Last week I stayed in a part of London on the border between a rich and a poor part of the city: on one side houses costing millions, on the other side social housing for the city’s hewers of wood and drawers of water, or at least drawers of social security. There was a certain exhilaration in the contrast, at least for an observer. Whether the inhabitants of either side of the divide feel the same exhilaration is another question.
Our hotel faced the poor quarter. Two huge liquid crystal screens, one of them relaying a trailer for the latest violent film, ensured that no one had to rely on the resources of his own mind for stimulation. The paving stones were mottled with trodden-in chewing gum as if there had been a sudden flurry of large snowflakes that had settled on the ground. A Filipina evangelist appealing for passersby to give up sin competed with a guitar-strumming beggar, probably a drug addict, for the attention of the hurrying but worn-out pedestrians. Workers for UNICEF, the perpetrator of one of the greatest mass poisonings in human history (arsenic in the water from ground wells in Bangladesh), with beatific smiles on their faces, rattled their tins to raise funds for the annual leave, dependency allowances, medical and dental insurances, pensions, rental subsidies, education grants, home leaves, life insurances, paid sick leaves, family leaves, family visits, maternity, paternity, and adoption leaves, and special leaves for UNICEF workers worldwide.
At night, the sound of people enjoying themselves, which in England is indistinguishable from the sound of someone being kicked to death (the two, indeed, are often the same), filtered into our bedroom. From time to time, including at four o’clock in the morning, police cars with a variety of ear-splitting sirens, from screech to bellow, passed by, giving notice from afar to malefactors of their approach, thereby also giving them time to escape. Thus trouble is averted, though sleep is interrupted.
Needless to say, the architecture was as appalling as that in the rich area was graceful, appalling as only British, French, and Soviet modernism (which are of the same inspiration, or rather lack of inspiration) can be. The number of fast-food outlets, relaying fat, sugar, and salt to the masses, was astonishing. On the border between the two areas was a vast shopping mall in which both the hamburger- and organic, gluten-free-bread-eating classes, worried about the state of their bowels in thirty years’ time, were catered for, though the mall mainly attracted the typical British shopper, that is to say insolvent in pursuit of the unnecessary. Not far away, though, was a market in which the really hard-pressed searched for bargains, from their carrots to their niqabs, the latter no doubt manufactured in China. What, indeed, could better symbolize modern globalization than a cheap niqab made in China and sold in London?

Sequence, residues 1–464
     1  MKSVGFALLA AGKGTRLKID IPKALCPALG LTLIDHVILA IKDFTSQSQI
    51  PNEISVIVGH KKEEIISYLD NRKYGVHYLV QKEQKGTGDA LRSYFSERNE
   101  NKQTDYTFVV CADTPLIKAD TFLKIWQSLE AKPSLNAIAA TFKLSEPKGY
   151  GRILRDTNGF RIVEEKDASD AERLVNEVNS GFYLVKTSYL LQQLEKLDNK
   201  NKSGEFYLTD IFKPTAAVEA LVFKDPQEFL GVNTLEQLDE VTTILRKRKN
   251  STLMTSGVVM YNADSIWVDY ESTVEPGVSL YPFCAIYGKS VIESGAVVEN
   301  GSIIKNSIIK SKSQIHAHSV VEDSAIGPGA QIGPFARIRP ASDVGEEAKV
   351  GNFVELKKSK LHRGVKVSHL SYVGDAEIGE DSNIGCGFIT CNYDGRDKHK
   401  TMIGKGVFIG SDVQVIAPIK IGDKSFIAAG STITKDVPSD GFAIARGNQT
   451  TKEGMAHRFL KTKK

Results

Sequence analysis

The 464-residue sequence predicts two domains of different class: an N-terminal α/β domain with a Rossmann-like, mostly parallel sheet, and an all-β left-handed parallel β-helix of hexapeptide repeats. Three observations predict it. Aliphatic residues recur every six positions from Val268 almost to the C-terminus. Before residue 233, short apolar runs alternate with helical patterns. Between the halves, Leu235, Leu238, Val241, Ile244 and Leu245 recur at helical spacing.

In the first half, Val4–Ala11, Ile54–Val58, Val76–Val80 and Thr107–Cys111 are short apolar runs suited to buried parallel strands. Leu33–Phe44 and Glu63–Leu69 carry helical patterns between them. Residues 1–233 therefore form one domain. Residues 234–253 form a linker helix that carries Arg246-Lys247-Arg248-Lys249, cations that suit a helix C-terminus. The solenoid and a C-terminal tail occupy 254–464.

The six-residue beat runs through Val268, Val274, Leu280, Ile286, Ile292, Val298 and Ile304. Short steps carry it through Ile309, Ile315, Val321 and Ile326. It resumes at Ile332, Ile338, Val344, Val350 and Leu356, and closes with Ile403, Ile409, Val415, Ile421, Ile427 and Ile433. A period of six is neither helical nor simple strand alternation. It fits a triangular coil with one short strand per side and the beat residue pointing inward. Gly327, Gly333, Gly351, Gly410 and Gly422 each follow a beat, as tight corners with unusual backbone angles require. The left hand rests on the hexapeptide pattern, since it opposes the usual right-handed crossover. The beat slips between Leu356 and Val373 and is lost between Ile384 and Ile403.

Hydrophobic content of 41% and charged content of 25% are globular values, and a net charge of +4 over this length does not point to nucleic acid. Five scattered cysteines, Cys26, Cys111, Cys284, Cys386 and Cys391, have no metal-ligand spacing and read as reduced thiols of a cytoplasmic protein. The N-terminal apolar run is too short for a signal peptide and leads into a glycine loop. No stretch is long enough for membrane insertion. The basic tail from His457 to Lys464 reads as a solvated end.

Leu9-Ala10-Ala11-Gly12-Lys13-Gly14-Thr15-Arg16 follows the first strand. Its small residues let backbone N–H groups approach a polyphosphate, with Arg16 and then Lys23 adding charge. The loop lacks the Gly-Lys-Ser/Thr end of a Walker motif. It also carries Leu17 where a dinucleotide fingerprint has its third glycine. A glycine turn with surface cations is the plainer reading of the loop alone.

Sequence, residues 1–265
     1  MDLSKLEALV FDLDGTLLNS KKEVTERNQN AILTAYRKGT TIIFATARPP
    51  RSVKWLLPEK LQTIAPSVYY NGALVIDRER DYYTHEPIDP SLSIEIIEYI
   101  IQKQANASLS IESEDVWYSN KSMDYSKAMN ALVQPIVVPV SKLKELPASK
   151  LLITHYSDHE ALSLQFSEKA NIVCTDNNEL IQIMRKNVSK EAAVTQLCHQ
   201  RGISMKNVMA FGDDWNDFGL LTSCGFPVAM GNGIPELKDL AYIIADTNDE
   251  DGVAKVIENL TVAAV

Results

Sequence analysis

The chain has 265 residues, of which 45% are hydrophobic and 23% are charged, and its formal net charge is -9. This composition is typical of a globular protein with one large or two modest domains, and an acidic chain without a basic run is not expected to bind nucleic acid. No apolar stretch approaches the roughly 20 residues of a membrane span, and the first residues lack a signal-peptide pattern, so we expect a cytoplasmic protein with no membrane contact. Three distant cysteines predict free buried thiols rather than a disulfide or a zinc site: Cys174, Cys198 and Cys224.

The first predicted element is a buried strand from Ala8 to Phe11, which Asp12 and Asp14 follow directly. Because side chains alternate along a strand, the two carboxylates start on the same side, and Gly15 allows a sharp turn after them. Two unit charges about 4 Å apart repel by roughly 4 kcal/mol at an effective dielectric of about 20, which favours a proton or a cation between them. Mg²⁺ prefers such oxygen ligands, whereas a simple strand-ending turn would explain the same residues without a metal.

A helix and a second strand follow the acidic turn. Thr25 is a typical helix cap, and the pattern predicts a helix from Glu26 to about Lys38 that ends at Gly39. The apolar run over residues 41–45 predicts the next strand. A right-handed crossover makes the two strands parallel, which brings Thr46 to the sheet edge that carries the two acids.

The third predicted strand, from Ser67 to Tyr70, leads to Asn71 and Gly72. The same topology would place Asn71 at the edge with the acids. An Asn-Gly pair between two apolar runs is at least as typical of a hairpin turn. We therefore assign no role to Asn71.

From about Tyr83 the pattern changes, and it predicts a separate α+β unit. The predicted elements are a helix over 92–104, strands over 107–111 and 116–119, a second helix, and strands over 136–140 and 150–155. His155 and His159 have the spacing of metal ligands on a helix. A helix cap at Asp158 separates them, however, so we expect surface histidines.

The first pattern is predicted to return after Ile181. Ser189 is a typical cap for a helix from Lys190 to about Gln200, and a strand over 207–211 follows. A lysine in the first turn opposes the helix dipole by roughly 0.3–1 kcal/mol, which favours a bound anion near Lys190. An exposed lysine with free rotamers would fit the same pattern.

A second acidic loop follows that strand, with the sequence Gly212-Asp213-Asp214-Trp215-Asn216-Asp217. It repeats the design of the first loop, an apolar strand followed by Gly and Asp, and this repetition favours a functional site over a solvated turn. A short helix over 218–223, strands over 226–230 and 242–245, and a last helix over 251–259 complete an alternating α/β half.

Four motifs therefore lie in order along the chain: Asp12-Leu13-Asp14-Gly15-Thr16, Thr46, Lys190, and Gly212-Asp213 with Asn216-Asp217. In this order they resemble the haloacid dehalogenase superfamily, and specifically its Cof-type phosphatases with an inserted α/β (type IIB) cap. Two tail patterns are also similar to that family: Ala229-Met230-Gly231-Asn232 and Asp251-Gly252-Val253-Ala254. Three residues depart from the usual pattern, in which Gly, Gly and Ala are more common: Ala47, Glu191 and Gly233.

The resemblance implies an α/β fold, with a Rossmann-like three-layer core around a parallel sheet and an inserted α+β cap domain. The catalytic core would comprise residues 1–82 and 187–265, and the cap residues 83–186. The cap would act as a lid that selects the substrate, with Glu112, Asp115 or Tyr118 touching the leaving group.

I suppose I should have hated it all, but I didn’t, or at least not with the pure hatred that burns with a gem-like flame, to adapt slightly Walter Pater’s advice to humanity: that “to burn always with this hard gem-like flame, to maintain this ecstasy, is success in life.” Hatred is easier to keep always alive than love, but all the same I have never quite managed it.
It is a strange fact of human psychology that one often has mixed feelings about what—with what one might call the official part of one’s mind—one hates. We are drawn back over and over again to contemplate that which we supposedly detest and wish destroyed. There is more than one reason for this.
In the first place, hatred is an enjoyable emotion. It gives one a sense of moral superiority to whatever is hated as well as a possible source of purpose in existence, if one takes up the cause against it in any practical way. But it is also restful or comforting to the mind, insofar as it obviates the necessity to think any further about other things in all their tiresome complexity. The latter, complexity, is apt to frighten or overwhelm us, to reduce us to a state of paralysis or powerlessness. Monomania empowers.
The mind seeks easy targets as a carrier pigeon homes to its destination. Fortunately for our mental equilibrium, the world presents us with a superfluity of easy targets to choose from. In this sense, political correctness performs a very useful function; for without it, journalists of good sense, such as myself, might have to stretch their minds on such important but dull subjects as what to do in practice about traffic congestion or the under-provision of nursery places. An intellectual might be defined as a person who perpetually seeks easy targets for his critical thought and mourns the passing of a problem.
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